Texas LEO who fatally shot man driving away from traffic stop indicted on homicide charge

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Post by NHGF [Feed] » Thu May 02, 2019 2:29 pm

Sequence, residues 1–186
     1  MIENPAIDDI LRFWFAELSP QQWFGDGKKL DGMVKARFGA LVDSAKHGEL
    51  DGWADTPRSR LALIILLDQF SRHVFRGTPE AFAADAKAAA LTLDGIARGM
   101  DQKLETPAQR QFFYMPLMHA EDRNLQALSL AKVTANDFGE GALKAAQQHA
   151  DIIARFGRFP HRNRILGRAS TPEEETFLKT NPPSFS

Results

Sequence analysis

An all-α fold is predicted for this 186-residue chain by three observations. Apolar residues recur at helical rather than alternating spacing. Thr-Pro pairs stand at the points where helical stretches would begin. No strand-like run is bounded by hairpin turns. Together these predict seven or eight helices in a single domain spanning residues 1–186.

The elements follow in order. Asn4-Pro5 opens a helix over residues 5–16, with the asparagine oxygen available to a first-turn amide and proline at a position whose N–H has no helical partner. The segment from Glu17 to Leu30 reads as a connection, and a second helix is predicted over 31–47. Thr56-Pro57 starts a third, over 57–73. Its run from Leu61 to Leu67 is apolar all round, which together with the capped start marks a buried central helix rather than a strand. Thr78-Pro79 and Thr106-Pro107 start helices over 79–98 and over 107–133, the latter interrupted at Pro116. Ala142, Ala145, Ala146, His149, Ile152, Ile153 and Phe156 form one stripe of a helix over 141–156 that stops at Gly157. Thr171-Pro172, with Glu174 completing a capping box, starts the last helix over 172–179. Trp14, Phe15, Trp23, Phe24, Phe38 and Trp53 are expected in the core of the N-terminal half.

Tom Steele The Dallas Morning News ARLINGTON, Texas — A Tarrant County grand jury has indicted the Arlington police officer who fatally shot a man as he drove away from a traffic stop in September. Officer Bau Tran, 36, of Grand Prairie was indicted Wednesday on a charge of criminally negligent homicide, a state jail felony. Another officer, Julie Herlihy, stopped O'Shae Terry in the 2200 block of California Lane the afternoon of Sept. 1 because of expired tags. Herlihy then announced that she smelled marijuana and would need to search the SUV. Tran, a backup officer, stayed near the SUV's passenger side as Herlihy returned to her patrol vehicle to use her computer. Body-cam footage from the incident shows Tran initially chatting with Terry, the driver, who had rolled down the windows and turned off the vehicle at the officer's request. Tran tells Terry that as long as they cooperate, things will be "cool." "We just have to do what we have to do," Tran says. Terry then starts to roll up the windows. Tran puts his left hand on top of the window and reaches his right arm inside the vehicle, saying, "Hey, hey, hey, hey!" He steps onto the SUV's running board and yells, "Hey, stop!" "I ain't going nowhere," Terry says as he turns the key in the ignition. Tran, holding on to the window with his left hand, points a gun into the SUV and fires multiple shots as the vehicle starts moving. Someone screams. Tran falls from the SUV, which then rolls onto a sidewalk farther down the block. Terry, a 24-year-old Forest Hill resident, died at a hospital. He had been shot four times. His passenger, 24-year-old Terrence Harmon, was uninjured. Police later reported finding a Glock handgun with a 29-round extended magazine, 1.09 pounds of marijuana and 7 grams of ecstasy pills in the vehicle. Tran, who was initially placed on restricted duty while police performed an internal investigation, was placed on leave Wednesday, pending the outcome of that investigation, Arlington police spokesman Christopher Cook said. The investigation is expected to wrap up in the coming weeks, he added. At a news conference Wednesday afternoon outside the Tim Curry Criminal Justice Center in Fort Worth, attorney Lee Merritt said the indictment was a step in the right direction after "a long eight months." Merritt, who is representing Terry's family, has previously said that although fleeing the traffic stop was a crime, Terry wasn't endangering anyone — and therefore Tran had no justification for shooting him. "It's not OK to shoot at someone to prevent them from leaving," he said in November. "That represents a crime — more specifically, murder." Terry's mother, Sherley Woods, said at the news conference that "I just thank God" that her family has the opportunity for some closure because of the officer's criminal case. "No family, no mother or father should have to go through anything like this concerning their child," she said. Randall Moore, Tran's attorney, has maintained that his client acted within the law and department policy. "He did what he thought he had to do to protect the public," Moore said last year. On Wednesday, Tran's attorney said his client was surprised he "wasn't supported by his department or the DA's office." "If we're going to keep judging our officers by the end result rather than reasonableness of their actions under the circumstances, we're going to have a real problem finding police officers," he told KDFW-TV (Channel 4). Tran, who has been with the department eight years, is scheduled to make his initial court appearance on May 17. ——— ©2019 The Dallas Morning News

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